I missed my wrap up post for September thanks to an unplanned break from blogging, so this month I’m combining both September and October into one big post.
Books read: 14
I’ve managed to read some really great books over the last couple of months. In particular, City of Circles, The Ninth Rain and American War all stand out as favourites.
- City of Circles, Jess Richards
- Three Days and a Life, Pierre Lemaitre
- The Last Tudor, Philippa Gregory
- The Ninth Rain, Jen Williams
- American War, Omar El Akkad
- Eligible, Curtis Sittenfeld
- Mercy, Jussi Adler-Olsen
- The Children Act, Ian McEwan
- The Break, Marian Keyes
- Elizabeth is Missing, Emma Healey
- The Thousandth Floor, Katherine McGee
- Artemis, Andy Weir
- Death is a Welcome Guest, Louise Welsh
- The Burning Page, Genevieve Cogman
Books acquired: 18
Over the past couple of months I’ve been on a tighter budget for book buying, so all of the books I’ve acquired have been ebooks on sale on Amazon (£2 or less), found in second hand shops or got through my Audible membership. Continue reading
We all know that sometimes reviewing books can be hard (I’ve written a post on this here), and that finding the right words to express yourself clearly and coherently is sometimes a struggle!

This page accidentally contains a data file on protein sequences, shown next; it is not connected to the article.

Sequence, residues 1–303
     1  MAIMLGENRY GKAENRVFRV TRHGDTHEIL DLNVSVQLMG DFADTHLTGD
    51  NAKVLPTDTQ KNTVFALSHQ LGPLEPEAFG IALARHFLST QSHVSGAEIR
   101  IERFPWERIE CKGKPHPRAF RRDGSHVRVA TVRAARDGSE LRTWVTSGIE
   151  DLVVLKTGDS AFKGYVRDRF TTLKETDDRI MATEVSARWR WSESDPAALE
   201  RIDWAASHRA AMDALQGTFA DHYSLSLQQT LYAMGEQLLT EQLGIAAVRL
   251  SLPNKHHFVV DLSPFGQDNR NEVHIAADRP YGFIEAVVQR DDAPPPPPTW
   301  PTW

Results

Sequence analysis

I’ve recently noticed that I tend to fall back on many of the same words and phrasing in many of my reviews because I know they work and help me to get from one part of a review to another more easily. At the risk of all of my reviews sounding the same, I have to actively try and not use these phrases when I’m writing.
Looking back over my posts from the last three years, these five expressions have popped up more times that I can count and stand out as being some of my most overused fall-back phrases…
- ‘It soon becomes clear’ – This is the perfect way to round off a plot summary with a bang and get onto the actual analysis of what I thought about a book, and I seem to be able to use it while talking about literally every book!
- ‘That said’ or ‘having said that’ – If I’m trying to write a balanced review that looks at both positives and negatives, this is a quick way to get from one to the other. I write it in every review and then have to force myself to go back and rewrite!
- ‘I wasn’t overly keen on…’ – Usually to be read as ‘I didn’t like this at all but I’m trying to be polite’.
- ‘Kept me gripped’ – If I’m scrambling to explain exactly why I was so absorbed in a book, this phrase inevitably pops up. It says nothing but hopefully conveys there was a certain something that kept me reading!
- ‘Ultimately though…’ – I sometimes struggle with ending a review. You can’t just stop, you need a way to round it all off nicely. This is my go-to last sentence starter.
Not using these phrases is harder than you’d think. My fingers type them automatically out of habit. As writing is literally what I do for a living (not the exciting creative writing kind though unfortunately), I feel like I should be better at finding alternative ways to express my opinions about books.
How do you write book reviews? Are there certain words you come back to time and time again? What are your most overused expressions?